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'Airbnb bill' grandfathers short-term rentals

Hank Hayes • May 14, 2018 at 1:29 PM

Near the end of its legislative session, the Tennessee General Assembly passed a so-called Airbnb legislative conference report that is giving one Kingsport official some heartburn.

The bill, which is on its way to be signed by Gov. Bill Haslam, essentially grandfathers short-term housing rental units unless the unit violates local law three or more separate times.

“The burden of proof that a violation of a generally applicable local law was a direct result of the operation of the short-term rental unit is on the local governing body,” the legislation states.

The Tennessee Hospitality and Tourism Association ended up being neutral on the bill.

“The House adopted a version of this bill last year which only applied to Davidson County and which we believed to be unconstitutional,” the association said on its website.

The conference report passed by a 67-23 vote in the House and 18-14 in the Senate. In the Northeast Tennessee delegation of state lawmakers, only state Rep. John Crawford, R-Kingsport, voted against it.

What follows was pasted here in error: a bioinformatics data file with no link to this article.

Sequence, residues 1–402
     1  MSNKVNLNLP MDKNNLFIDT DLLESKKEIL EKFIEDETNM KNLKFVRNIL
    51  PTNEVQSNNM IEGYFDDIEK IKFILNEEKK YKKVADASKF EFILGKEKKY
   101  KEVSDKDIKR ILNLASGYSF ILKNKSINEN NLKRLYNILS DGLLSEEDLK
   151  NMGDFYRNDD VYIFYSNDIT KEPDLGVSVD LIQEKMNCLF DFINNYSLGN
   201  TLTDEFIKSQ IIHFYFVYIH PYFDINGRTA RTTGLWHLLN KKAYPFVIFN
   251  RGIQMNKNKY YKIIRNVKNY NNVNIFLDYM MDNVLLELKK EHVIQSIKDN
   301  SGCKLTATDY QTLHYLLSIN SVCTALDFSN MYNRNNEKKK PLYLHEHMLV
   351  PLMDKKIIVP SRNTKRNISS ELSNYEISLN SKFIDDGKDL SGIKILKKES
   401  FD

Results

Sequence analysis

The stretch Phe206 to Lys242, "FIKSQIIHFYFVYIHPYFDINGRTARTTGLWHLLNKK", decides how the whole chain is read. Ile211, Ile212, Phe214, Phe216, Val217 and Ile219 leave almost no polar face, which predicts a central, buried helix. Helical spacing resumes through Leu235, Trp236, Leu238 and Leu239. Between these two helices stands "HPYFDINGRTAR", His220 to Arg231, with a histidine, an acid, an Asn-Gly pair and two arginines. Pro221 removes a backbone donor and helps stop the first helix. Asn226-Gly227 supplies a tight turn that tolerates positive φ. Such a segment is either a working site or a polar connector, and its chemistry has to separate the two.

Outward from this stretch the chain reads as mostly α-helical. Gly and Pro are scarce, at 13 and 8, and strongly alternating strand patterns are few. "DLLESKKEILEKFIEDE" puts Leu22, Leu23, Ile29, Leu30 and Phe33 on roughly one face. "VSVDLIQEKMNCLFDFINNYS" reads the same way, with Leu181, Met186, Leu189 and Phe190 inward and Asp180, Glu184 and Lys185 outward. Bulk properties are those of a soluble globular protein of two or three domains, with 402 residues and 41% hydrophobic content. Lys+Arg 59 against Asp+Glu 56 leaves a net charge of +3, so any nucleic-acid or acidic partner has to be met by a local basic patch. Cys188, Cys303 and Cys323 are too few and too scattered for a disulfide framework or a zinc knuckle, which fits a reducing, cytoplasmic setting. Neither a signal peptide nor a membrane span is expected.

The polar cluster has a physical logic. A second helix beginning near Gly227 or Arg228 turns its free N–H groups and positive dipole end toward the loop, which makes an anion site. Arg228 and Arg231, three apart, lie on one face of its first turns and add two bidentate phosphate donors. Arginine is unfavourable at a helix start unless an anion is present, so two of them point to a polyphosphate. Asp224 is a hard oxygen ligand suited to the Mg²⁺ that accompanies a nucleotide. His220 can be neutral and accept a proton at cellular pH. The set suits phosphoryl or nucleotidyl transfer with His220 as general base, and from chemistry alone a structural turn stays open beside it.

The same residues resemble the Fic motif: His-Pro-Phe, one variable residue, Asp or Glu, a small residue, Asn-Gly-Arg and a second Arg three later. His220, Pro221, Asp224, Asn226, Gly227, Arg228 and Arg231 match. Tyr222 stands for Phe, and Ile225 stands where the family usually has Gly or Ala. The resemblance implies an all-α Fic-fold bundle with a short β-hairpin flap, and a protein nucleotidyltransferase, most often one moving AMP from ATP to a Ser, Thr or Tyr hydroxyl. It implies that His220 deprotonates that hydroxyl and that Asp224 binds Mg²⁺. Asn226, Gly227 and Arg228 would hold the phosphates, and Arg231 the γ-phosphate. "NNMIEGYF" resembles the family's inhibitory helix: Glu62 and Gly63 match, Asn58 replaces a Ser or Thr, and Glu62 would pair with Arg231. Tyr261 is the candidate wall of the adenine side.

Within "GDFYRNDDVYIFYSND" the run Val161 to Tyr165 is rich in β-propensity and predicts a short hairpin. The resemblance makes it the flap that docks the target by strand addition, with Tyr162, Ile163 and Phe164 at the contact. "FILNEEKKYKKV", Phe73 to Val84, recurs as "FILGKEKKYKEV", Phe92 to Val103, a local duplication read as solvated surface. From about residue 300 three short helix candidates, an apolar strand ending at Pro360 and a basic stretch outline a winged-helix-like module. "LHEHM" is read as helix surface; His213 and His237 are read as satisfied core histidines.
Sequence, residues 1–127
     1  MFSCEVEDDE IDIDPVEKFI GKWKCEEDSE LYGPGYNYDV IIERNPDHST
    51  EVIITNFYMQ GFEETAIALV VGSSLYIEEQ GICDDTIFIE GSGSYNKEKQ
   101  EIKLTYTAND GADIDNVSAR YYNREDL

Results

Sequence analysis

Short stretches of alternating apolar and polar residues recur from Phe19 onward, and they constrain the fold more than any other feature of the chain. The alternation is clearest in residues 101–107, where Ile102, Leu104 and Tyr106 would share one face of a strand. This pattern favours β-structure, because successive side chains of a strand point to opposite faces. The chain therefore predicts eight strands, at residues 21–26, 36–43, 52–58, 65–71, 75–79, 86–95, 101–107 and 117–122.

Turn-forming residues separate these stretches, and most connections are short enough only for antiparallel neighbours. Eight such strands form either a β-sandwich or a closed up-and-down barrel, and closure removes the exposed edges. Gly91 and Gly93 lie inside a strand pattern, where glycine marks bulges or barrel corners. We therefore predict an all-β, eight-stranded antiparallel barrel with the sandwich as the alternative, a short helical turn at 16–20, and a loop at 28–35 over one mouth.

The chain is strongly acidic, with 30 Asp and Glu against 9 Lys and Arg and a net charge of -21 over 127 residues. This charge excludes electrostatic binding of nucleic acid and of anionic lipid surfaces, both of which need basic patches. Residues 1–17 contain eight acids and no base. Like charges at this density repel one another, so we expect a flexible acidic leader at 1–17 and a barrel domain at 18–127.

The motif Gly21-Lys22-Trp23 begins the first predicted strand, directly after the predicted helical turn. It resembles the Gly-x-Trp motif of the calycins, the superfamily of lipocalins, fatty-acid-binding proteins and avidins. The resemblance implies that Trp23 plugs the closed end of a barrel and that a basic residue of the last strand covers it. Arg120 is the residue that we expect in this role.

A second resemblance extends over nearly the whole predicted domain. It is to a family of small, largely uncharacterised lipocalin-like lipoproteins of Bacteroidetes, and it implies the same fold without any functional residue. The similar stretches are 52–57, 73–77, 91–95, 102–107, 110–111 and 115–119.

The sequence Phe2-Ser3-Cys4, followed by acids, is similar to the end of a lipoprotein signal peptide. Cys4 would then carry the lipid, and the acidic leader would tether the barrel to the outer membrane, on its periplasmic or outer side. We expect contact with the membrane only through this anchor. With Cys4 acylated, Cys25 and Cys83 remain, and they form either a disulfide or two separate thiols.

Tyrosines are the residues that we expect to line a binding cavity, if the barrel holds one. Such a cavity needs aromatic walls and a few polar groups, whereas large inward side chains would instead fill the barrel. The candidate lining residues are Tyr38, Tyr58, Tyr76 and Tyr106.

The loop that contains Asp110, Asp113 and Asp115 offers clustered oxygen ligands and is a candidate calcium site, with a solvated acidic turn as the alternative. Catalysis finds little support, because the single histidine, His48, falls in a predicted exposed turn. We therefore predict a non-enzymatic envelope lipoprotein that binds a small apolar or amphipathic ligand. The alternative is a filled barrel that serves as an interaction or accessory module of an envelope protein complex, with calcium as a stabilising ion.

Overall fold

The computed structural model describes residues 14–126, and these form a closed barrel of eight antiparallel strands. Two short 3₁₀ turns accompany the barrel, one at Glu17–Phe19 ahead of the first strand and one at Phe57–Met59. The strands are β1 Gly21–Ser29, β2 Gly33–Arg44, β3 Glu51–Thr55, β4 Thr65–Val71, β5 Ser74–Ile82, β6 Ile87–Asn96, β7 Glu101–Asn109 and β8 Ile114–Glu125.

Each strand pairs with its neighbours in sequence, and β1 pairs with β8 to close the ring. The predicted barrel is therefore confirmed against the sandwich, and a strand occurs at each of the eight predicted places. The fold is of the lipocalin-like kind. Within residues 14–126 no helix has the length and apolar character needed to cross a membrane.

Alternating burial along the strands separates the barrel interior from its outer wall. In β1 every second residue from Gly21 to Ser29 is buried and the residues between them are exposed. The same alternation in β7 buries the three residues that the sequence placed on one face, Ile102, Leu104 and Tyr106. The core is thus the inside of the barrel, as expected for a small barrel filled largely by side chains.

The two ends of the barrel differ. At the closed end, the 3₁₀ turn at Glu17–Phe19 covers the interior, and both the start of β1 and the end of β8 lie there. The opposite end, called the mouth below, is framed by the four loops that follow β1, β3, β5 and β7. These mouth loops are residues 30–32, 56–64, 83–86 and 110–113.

Kingsport City Manager Jeff Fleming expressed displeasure about the vote at a recent Kingsport Economic Development Board meeting but did not want to comment further.

A February fiscal note on the bill showed sales tax revenues collected would exceed expenses and estimated there are about 9,000 short-term rentals available in Tennessee.

State Sen. Jon Lundberg pointed out the bill should increase the value of properties up for rent on the Airbnb website.

“Candidly, Bristol never reached out and said a word (about the bill),” Lundberg, R-Bristol, said. “I didn’t hear from anyone in Northeast Tennessee. I think what we passed was pretty solid, which is if you’re doing those kind of rentals, you’re grandfathered in.

“The hotel association wasn’t too enthusiastic about it, but they were in my office one time. That’s it. Somebody passionate about something would be in my office every week of the session. Hearing from them one time wasn’t major.”

State Rep. Timothy Hill, R-Blountville, said he supported the conference report because it protects personal property rights. “The legislation grandfathers in any individuals that have taken the time, invested their resources, and are permitted, to keep their short-term rental in place,” he said in an email.

For more, go to www.capitol.tn.gov. The bill’s number is HB 1020.

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